Lifestyle
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Katherine Gerberich / Senior Staff Photographer

Nearly three million books line the shelves of Butler.

Whether you’re drowning in problem sets or overtaken by paper deadlines, caught up in friend drama or missing home, there always seems to be a reason to cry. And with roommates ever present, breaking down in your dorm room is not always the best option. Spectrum has you covered with the best places to retreat to when the overwhelming emotions hit.

Butler bathroom—If you feel like crying, odds are you’re already in Butler. Butler bathrooms are already unpleasant, so you might as well maximize the misery and sob it out in a stall. This option is definitely the most practical one—you’ll get your studying and crying done in one convenient location!

Stacks—If you need more privacy (or the dingy Butler bathrooms aren’t quite sophisticated enough for you), we recommend the stacks. It’s quiet and dark—your own personal sensory void just steps away from your favorite desk.

JJ’s—We admit that this is definitely a more public option. However, stop by JJ’s late on a weekend night, and you’ll find yourself surrounded by similarly sad (and not-so-sober) students. There is comfort to be found in the solidarity of sorrow.

Pulitzer—With the presence of Joe’s Coffee and the friendly, collaborative nature of journalism grad students, this building offers cheery vibes. Sometimes, a crying session in a positive environment (and a dark chocolate donut from Joe’s) is exactly what you need to lift your spirits.

Milstein—Although the glass-doored rooms and spaciously set spinny chairs help foster a collaborative learning environment, they don’t make for great crying spots. Albeit a little claustrophobic, the third-floor study rooms in Milstein offer the ideal privacy for crying. Likewise, the Milstein basement classrooms are usually vacant and unlocked in the evenings.

Lola Lafia

Outdoors—Thanks to daylight savings, darkness hits our campus just in time for your monthly (weekly? daily?) crying session. Let your tears flow downward with the sun. You might think it’s too cold to be crying outside, but the brisk fall air is exactly what offers you privacy—no one else will be braving the steps. Between Low Steps, the consistently empty lawn in front of the math building, and Riverside Park, you are spoilt for choice when it comes to combining nature with despair.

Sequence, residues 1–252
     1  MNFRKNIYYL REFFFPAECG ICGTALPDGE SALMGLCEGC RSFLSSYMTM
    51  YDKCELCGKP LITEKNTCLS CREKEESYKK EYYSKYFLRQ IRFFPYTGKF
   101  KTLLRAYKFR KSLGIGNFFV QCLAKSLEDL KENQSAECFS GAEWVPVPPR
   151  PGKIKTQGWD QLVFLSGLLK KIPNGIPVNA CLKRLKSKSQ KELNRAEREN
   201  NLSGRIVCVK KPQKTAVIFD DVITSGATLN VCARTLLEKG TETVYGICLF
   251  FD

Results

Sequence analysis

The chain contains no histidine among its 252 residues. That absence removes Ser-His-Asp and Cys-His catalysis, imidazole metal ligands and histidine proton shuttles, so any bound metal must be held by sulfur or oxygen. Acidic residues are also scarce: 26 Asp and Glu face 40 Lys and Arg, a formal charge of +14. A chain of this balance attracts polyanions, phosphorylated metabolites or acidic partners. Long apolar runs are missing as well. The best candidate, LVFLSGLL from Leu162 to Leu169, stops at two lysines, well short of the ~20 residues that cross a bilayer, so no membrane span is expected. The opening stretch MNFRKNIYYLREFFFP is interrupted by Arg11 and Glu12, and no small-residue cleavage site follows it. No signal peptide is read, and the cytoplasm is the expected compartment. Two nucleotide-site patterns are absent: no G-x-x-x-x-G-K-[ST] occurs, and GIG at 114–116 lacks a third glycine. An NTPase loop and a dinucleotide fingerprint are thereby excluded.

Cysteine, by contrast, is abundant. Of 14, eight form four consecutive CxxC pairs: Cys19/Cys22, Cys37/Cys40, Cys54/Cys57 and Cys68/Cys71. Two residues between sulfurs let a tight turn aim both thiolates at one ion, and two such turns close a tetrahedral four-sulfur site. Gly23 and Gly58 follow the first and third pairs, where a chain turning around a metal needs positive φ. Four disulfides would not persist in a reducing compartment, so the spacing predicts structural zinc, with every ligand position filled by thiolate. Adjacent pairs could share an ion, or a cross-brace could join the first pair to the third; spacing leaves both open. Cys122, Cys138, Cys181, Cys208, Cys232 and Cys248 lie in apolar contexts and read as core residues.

6th floor of Diana—Take the Diana elevators up to the 6th floor. This seldom-occupied room offers floor-to-ceiling windows showcasing Broadway and a massive colorful mural—stunning views to fight the blues.

Shapiro basement—Located on 115th Street and Broadway is your new favorite sorrow station. Head down the stairs to the basement—amongst the practice rooms and lockers, there are many corners to choose from. There’s nothing quite like crying next to piano protégés. And if you’re feeling artistic, feel free to sob along to the rhythm of Columbia Musical Theatre Society’s upcoming performances.

Elevators & stairs—Your discussion section might be annoyingly located on the 10th floor, but at least the nearby stairwells are always vacant. And if you need to let out a speed sob and find yourself isolated in an elevator, take advantage! It’s a little risky but sometimes a fleeting moment of solitude is really all you need.

Philosophy Hall sixth-floor bathroom—We’re getting oddly specific here but this bathroom is consistently empty and has unusually pleasant lighting. There’s always a cheerful amount of sunlight, and the sounds of the city outside the perpetually cracked window offer a much-needed resonant perspective.

Gym—Cardio and crying? A winning combination. Nothing quite masks tears the way sweat does. And if anyone notices your less-than-sunny disposition, they’ll be too intimidated by your evident commitment to fitness to even comment.

Shower—A classic choice. No need to wash your tear-stained face when you’re already in the shower. Bonus points for efficiency—you might be sad but at least you’re multitasking!

Tearful breakdowns are nothing to be ashamed of. We’ve all been there, and we’re all going to be there again. So grab your tissues, find a place, and cry it out!

If solitary sob sessions are becoming overly persistent or overwhelming, remember that you are never truly alone. Please don’t be afraid to reach out, be it to friends, family, or campus resources. Human beings are social, codependent creatures, and we are here to hold each other up. With love, Spectrum.

Barnard Columbia Crying spot
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